But that's where the issue comes up. Marvel doesn't have the license for all their films. About 10 years ago they suffered from heavy losses and had to sell off a lot of their film and television license rights away. This is how Fox got X-men and Fantastic Four and Sony got Spider-man. Two film franchises that Marvel, now back organized properly would want back. This is where Disney comes in. Disney has the money, the legal team, and the deal-making abilities to make bringing those titles back to one fold a reality. They'll likely be able to finesse deals Marvel never could have on their own, whether it's a co-production/profit sharing model or just getting the properties back to Marvel outright.

For those of you worried that Disney will want to censor or water down some of the more graphic of titles. Like the great Hitchhiker's book says.. Don't Panic! Disney hasn't been anything resembling a squeaky-clean company for probably decades. Disney owns Miramax, Touchstone, Dreamworks and Hollywood Pictures, none of which are PG-rated family entertainment companies. Lets look at some other films that Disney has dealt with recently:

The Queen
No Country For Old Men
The Life Aquatic
The Prestige
Sin City

Three from Miramax, two from Touchstone. Look, Disney is perfectly capable of not getting involved. They do it all the time. There will be some things, this time, where they will get involved, since the Marvel brand is strong amongst kids. We probably will see some analogue of Buzz Lightyear of Star Command with Marvel characters. But just as that didn't lead to Disney actually forcing Pixar to make a movie of it, so there will be no real change to Marvel. Additionally, when Marvel and Pixar people were put in the same room, they "got very excited very quickly"

Seems like a match made in heaven to me, as there is only one company as good as Marvel at whoring out their characters to be licensed on toothbrushes, underwear, stickers, magnets, bedding, bicycles, toiletries, etc. Just think of the crossover possibilities of making my dream of a future Kingdom Hearts game where Wolverine teams up with Goofy and Donald to fight Hopper from A Bug's Life closer to reality.
I can show you the worrllldd... and then my cosmic master shall devour it.

Aladdin/Silver Surfer - Summer 2010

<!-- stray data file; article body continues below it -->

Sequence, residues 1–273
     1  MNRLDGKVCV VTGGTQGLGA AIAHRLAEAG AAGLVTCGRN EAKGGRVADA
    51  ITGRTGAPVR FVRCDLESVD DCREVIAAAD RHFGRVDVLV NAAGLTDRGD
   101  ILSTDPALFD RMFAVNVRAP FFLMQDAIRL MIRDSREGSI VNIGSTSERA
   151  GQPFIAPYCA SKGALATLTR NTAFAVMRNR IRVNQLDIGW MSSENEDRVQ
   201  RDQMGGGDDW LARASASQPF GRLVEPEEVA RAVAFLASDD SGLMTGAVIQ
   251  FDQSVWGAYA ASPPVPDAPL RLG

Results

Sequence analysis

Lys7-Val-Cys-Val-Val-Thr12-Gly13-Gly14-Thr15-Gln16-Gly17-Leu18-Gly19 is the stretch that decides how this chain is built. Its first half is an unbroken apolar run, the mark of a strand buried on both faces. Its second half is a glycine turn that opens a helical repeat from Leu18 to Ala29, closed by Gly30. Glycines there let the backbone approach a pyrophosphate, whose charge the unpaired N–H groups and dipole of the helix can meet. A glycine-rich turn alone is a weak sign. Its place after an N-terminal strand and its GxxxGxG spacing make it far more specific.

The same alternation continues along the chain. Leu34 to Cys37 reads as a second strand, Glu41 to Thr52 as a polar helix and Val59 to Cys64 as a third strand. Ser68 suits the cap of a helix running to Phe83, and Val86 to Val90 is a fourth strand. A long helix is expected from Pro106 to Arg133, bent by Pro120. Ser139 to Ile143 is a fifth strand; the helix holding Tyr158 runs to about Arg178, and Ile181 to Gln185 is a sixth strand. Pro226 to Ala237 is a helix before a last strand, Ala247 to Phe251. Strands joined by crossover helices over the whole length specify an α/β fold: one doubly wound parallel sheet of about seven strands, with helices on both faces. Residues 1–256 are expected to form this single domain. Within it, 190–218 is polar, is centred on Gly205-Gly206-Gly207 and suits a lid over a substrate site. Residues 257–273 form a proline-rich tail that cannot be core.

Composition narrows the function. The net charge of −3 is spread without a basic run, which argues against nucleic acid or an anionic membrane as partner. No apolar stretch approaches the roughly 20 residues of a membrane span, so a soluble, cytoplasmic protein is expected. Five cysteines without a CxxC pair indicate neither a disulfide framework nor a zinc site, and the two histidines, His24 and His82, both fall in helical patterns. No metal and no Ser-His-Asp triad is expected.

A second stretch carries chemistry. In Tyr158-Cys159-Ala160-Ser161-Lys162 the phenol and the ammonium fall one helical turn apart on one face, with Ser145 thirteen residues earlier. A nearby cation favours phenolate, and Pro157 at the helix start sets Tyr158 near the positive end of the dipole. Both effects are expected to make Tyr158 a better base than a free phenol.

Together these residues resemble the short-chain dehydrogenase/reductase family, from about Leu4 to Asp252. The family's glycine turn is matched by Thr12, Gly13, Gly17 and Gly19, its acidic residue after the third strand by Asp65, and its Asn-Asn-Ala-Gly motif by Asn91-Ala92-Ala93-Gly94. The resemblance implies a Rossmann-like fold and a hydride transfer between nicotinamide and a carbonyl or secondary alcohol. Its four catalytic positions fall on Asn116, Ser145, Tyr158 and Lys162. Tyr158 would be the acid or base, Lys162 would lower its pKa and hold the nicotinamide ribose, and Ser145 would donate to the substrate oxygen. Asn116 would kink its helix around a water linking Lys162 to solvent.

Now the bigger question.. What will this mean for the Universal Studios Island of Adventure rides that are using Marvel characters for it's theme parks? Having been there I can tell you it's fun as hell to ride the Hulk ride. The spider-man one was pretty cool in the Back to the Future sense. Even one had Doctor Doom! Well, they're safe... for now.

You may have seen reports this morning that Disney intends to acquire Marvel Entertainment. Naturally, Team Members and guests may wonder how this will impact Islands of Adventure. Marvel Super Hero Island and the Marvel characters are a beloved and important part of the Universal Orlando experience and will remain so. Our guests are still going to be able to meet Spider-Man and all our other Marvel characters. We believe our agreement with Marvel stands and that the Disney/Marvel deal will have no impact on our guest experience.
In the end, this is a smart investment for both companies. Movies like Iron Man and the intended Thor/Cap/Avengers cost a LOT to make and Marvel took huge risk starting their own entertainment company that hasn't been entirely as smooth as one would expect.

There should always be an excuse to post this picture

Take the example of the change from Terrence Howard to Don Cheadle as War Machine. There was some sort of budget fuckup on the first movie, Howard wound up being the highest paid actor in the film, despite playing a supporting role. When casting came up for Iron Man 2, Marvel decided to correct this, and offered him a salary that matched the role he would be playing, i.e. not more than the star of the damned movie. Howard, for some reason, thought it was a good idea to dig his heels in and demand the same salary. Marvel said "Yeah, no." and got Don Cheadle.

So this deal provides Marvel with the moeny that licensing and book sales can't bring them. The best kind of money... Disney Dollars! Marvel gets the funding they need, Disney gets a whole slew of proven franchises, fans get to enjoy the work that Marvel does on their own instead of dealing with Fox or Paramount. They still get to run Marvel comics like they have as it generates profits and don't worry about the ICON and MAX series. They will still be around. I just can't wait to get my Disney autograph book signed by Frank Castle near sleeping Beauties Castle.

No comments: